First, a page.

The New South Wales Coalition government has said it plans to privatise all remaining publicly-operated bus services in Sydney, despite having not raised this proposal during the March state elections.
This would include services covering the Inner North (Parramatta and Ryde), the Northern Beaches and East regions. Together, these regions represent more than half of the 1 million bus trips made each weekday in Sydney.
The Gladys Berejiklian government hopes to complete the process within 18 months and comes after the failed privatisation of Inner West region and Newcastle bus services.
Transport minister Andrew Constance said the earlier privatisations would improve performance. Yet, statistics collected by the Rail, Tram and Bus Union (RTBU) show that since private operator Keolis Downer took over in Newcastle, the rate of on-time buses has dropped from 87% to 52% and 150 bus stops have been removed.
A similar trend has occurred in the Inner West region, where private operator Transit Systems has failed to meet any performance targets.
RTBU Tram and Bus Division secretary David Babineau said workers' conditions have "plummeted" as a result of privatisation.
Unsurprisingly, Constance has said the new round of privatisations is not performance-related.
Under the proposed privatisation process, about 200 support staff will be out of a job and 3000 drivers and maintenance workers will get only two years guaranteed employment with any new private operator.
The public is right to be disappointed at the slow running times of Sydney bus services. But this has nothing to do with drivers, who do their best to deal with congested roads.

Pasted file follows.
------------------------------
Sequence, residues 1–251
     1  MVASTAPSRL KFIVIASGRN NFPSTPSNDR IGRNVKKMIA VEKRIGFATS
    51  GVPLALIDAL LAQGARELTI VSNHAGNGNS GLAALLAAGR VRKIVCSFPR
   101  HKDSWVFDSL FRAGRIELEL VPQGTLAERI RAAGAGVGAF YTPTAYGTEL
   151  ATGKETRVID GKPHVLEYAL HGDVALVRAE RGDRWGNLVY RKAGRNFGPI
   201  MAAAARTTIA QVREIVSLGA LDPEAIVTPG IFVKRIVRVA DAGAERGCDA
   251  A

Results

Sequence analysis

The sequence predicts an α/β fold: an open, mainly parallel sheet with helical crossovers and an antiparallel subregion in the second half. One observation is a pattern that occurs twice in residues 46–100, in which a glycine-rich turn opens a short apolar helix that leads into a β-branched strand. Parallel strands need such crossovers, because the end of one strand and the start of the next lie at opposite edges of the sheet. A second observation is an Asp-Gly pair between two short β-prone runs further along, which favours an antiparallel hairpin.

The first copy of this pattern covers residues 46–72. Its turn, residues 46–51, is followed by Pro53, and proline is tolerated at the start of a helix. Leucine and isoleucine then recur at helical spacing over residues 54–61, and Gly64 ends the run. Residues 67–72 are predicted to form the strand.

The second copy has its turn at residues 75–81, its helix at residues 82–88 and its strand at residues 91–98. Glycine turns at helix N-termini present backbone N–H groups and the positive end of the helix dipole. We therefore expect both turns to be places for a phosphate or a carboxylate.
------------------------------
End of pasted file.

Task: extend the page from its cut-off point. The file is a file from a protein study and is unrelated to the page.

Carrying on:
Rather, road congestion is part of a bigger policy failure that has encouraged more cars onto roads, through the billions of dollars spent on motorways such as WestConnex, while the city’s train network falls into disrepair.
A report obtained by the NSW Greens in 2017 under freedom of information revealed that public bus operator State Transit's attempts to improve running times and timetables was thwarted by the state government agency Transport for NSW.
The State Transit report said "many adverse findings and customer experiences would have been averted" if Transport for NSW had responded pro-actively to proposals made in 2014 to improve on-time running of buses.
Labor opposition leader Jodi McKay described the privatisation as a "disgrace", while Unions NSW secretary Mark Morey warned other public sector agencies could be next and that "nothing is off the table" regarding industrial action.
GetUp has initiated an online campaign “Get Your Hands Off Our Buses”.
In a time of climate crisis, Sydney needs to urgently improve its public transport system — not privatise it. Australia's excessive transport emissions continue to rise and have the potential to nullify any gains from improvements in renewable electricity generation.
Yet, the state government, it seems, is hell-bent on privatisations, union bashing and ensuring windfalls for their property developer mates.